Building a new OSGi module

  Written by The Jahia Team
 
Developers
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Introduction

Starting with Digital Factory 7.0, new modules must now be written using OSGi bundles. As OSGi is a mature and powerful dynamic module system for Java, it becomes a lot easier to build full-fledged Digital Experience Manager modules that can interact with each other, while avoiding complex interdependencies that might make maintenance and deployment complex. At the same time, it makes it possible to leverage the already available OSGi bundles such as the Felix Web Console or the Felix Shell to quickly add functionality to a Digital Experience Manager installation.

What is OSGi?

OSGi (aka Open Services Gateway initiative) is a dynamic module system for Java. It is currently the most powerful and most mature dynamic module system available for Java applications. In OSGi, modules are actually called “bundles”. They are specialized JARs that include extra MANIFEST.MF entries that declare the dependencies between modules, as well as versioning and package information made available to other modules. In effect, most existing JAR can be converted to an OSGi bundle with little work (they are even automatic transformation tools available). In the OSGi runtime, only packages that are exported will be available and visible to other bundles, only if the using bundles also import them. So in effect there can be fine-grained control of accessible Java packages (as well as associated versions) between bundles.

A minimal OSGi bundle

An OSGi bundle is basically a classic Java JAR file with additional metadata information inside the META-INF/MANIFEST.MF file, such as:

  • Bundle identifier (symbolic name)
  • Bundle version
  • Bundle package imports and exports
  • (Optional) Bundle activator

Here is an example of a minimal OSGi bundle:

META-INF/MANIFEST.MF:
Bundle-SymbolicName: org.jahia.modules.example
Bundle-Version: 1.0

Why OSGi?

Taken from the OSGi’s official website:

From the developers point of view:

OSGi reduces complexity by providing a modular architecture for today's large-scale distributed systems as well as small, embedded applications. Building systems from in-house and off-the-shelf modules significantly reduces complexity and thus development and maintenance expenses. The OSGi programming model realizes the promise of component-based systems.

From the business point of view:

The OSGi modular and dynamic model reduces operational costs and integrates multiple devices in a networked environment, tackling costly application development, maintenance and remote service management.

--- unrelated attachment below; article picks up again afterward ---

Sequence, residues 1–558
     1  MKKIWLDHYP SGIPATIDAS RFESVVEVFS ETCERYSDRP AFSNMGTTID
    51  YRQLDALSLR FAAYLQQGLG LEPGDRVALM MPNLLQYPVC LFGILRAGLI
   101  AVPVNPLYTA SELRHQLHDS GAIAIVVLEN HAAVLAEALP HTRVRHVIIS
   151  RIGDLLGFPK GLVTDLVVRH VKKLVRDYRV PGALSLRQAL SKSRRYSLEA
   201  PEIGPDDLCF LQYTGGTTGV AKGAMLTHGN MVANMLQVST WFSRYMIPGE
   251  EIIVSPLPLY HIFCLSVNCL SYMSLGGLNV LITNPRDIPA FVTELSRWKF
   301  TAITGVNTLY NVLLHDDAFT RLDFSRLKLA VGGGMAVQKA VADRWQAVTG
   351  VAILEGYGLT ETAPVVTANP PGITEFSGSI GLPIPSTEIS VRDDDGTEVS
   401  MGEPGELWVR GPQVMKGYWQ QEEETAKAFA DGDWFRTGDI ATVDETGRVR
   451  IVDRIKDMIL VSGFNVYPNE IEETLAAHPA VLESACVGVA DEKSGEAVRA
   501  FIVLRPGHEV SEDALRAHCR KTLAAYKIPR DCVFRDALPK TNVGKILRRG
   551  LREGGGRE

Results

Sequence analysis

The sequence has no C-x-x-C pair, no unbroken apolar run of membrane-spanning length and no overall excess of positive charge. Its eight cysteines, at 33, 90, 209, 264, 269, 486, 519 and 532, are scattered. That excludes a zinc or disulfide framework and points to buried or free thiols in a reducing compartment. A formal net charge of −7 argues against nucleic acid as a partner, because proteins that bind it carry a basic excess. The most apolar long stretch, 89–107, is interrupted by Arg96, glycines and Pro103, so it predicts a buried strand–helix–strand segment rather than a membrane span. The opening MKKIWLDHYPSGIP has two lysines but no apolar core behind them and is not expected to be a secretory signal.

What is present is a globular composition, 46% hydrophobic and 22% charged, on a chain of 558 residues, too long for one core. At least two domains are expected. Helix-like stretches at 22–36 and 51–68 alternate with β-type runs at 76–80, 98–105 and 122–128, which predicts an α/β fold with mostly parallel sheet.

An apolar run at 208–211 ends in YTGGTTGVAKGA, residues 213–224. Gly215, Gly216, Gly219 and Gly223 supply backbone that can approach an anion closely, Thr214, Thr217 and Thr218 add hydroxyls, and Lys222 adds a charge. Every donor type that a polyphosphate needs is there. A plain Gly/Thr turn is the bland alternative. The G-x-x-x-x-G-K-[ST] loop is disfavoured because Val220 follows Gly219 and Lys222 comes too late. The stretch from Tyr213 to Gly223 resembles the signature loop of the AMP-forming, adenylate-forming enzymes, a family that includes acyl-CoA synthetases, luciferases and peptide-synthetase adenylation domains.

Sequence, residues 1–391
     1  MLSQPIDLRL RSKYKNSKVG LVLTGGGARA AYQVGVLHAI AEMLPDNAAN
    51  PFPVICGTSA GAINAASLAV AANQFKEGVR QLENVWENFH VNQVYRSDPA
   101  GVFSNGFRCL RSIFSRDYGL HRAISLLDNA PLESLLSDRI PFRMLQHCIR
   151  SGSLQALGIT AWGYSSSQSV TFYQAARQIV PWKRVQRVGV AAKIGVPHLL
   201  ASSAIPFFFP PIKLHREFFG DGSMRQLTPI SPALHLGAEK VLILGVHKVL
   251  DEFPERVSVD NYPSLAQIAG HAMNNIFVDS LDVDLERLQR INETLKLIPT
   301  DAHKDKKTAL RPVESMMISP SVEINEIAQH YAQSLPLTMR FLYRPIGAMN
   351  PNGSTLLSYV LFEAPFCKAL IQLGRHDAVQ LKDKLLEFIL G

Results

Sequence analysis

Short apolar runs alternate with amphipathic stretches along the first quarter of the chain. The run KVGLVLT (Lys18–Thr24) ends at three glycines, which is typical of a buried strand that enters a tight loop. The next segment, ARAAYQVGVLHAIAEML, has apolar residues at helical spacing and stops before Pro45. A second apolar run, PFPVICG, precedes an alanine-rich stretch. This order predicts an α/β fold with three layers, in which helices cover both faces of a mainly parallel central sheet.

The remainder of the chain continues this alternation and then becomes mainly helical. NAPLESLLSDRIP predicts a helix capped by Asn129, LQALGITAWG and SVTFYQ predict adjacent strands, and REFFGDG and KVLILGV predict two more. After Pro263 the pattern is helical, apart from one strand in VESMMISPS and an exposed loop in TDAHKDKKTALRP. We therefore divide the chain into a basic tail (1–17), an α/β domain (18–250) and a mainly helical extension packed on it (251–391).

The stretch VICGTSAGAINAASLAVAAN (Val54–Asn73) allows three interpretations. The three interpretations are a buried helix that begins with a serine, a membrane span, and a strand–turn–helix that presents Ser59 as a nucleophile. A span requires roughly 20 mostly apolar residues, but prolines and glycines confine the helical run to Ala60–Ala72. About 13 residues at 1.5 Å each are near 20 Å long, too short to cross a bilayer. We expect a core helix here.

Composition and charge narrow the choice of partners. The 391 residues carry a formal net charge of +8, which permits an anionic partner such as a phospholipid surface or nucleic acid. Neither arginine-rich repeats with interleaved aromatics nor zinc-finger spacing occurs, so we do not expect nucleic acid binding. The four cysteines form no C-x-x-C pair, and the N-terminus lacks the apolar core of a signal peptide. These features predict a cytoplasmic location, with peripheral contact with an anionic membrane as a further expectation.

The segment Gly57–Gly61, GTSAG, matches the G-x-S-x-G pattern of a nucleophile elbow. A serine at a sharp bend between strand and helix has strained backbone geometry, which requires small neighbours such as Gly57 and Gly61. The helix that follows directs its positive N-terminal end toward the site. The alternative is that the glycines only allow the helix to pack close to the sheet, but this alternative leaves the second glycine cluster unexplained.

The key reason OSGi technology is so successful is that it provides a very mature component system that actually works in a surprising number of environments. The OSGi component system is actually used to build highly complex applications like IDEs (Eclipse), application servers (GlassFish, IBM Websphere, Oracle/BEA Weblogic, Jonas, JBoss), application frameworks (Spring, Guice), industrial automation, residential gateways, phones, and so much more.”

Despite an initial learning curve that requires learning how to setup OSGi modules properly (especially their dependencies), OSGi benefits quickly make themselves visible in even small projects.

You have multiple options to build a new OSGi module, and we will quickly present them here by starting with the easiest all the way to the most complex. Depending on your needs and skills, all of these might be interesting at some point in your projects.

Using the Digital Experience Manager Studio to create a new project

The easiest way to create a new OSGi module is simply to create a new module using the Digital Experience Manager Studio that allows you to create and modify module or template projects directly from the Digital Experience Manager server development environment. It will by default use the new OSGi packaging and all you will have to do is simply customize it for your needs.

We will not give the details here on how to create a new project using the Studio, as this is already explained in detail in the Digital Experience Manager templating guide, available on the Jahia.com website.

Using a Maven Archetype

We provide a Maven archetype to get started quickly with a new project. The Maven Archetype is also used internally by the Digital Experience Manager Studio to initialize a new project. The steps below guide you through the process of creating a new project.

  1. Create a new project using a Maven Archetype:
    mvn archetype:generate -Dfilter=org.jahia.archetypes:
    (do not forget the colon at the end of the filter value)
  2. Select the required archetype, e.g.:
    2: remote -> org.jahia.archetypes:jahia-module-archetype (Archetype for creating a new module project to be run on a Digital Experience Manager server)
  3. Chose the latest archetype version available from the list
  4. Enter project metadata and confirm
  5. Change into project directory and build using:
    mvn clean install

You can then open the Maven project in your favorite IDE and start building your Digital Experience Manager OSGi module.

6.3 From scratch